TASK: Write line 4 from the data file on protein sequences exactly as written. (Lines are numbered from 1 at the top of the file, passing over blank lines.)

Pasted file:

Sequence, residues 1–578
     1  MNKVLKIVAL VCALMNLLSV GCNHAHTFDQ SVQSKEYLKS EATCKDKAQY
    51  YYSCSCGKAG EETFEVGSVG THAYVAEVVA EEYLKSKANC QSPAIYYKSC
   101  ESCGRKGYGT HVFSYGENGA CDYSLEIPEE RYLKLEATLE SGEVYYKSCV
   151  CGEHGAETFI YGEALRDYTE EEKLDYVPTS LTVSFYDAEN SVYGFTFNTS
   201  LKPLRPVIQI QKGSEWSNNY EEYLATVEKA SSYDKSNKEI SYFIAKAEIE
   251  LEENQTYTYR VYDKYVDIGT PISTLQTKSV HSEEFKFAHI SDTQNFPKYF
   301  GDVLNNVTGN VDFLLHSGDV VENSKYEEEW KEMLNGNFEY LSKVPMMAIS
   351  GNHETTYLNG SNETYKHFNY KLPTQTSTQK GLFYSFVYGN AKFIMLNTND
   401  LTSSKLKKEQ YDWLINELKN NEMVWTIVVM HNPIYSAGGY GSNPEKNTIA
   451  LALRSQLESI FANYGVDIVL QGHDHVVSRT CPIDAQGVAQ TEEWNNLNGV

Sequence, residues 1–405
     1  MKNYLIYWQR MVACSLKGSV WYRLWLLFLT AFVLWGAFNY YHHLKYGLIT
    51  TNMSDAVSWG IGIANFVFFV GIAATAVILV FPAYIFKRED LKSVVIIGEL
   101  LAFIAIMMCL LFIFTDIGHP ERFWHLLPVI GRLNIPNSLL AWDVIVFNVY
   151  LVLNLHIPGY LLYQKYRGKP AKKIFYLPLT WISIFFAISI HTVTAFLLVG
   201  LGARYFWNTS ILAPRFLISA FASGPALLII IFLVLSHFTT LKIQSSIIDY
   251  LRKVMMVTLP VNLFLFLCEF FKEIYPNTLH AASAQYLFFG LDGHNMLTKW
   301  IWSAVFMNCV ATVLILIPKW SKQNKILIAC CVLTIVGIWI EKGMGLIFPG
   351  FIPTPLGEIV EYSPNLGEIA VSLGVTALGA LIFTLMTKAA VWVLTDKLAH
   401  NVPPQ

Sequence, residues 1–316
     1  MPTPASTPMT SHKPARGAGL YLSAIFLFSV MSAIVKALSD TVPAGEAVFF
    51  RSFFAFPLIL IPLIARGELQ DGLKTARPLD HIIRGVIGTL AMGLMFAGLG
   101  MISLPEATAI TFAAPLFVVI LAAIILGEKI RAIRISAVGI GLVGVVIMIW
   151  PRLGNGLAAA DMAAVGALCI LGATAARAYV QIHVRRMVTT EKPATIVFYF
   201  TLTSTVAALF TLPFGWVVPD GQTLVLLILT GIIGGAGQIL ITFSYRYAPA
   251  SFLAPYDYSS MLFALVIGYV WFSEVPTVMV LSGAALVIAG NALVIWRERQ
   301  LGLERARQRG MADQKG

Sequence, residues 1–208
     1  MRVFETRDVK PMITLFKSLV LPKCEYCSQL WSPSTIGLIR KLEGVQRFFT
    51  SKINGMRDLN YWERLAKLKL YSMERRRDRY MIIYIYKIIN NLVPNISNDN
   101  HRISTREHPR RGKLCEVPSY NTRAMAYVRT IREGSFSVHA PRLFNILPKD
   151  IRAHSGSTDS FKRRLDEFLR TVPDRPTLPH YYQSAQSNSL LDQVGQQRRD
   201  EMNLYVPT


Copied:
   101  ESCGRKGYGT HVFSYGENGA CDYSLEIPEE RYLKLEATLE SGEVYYKSCV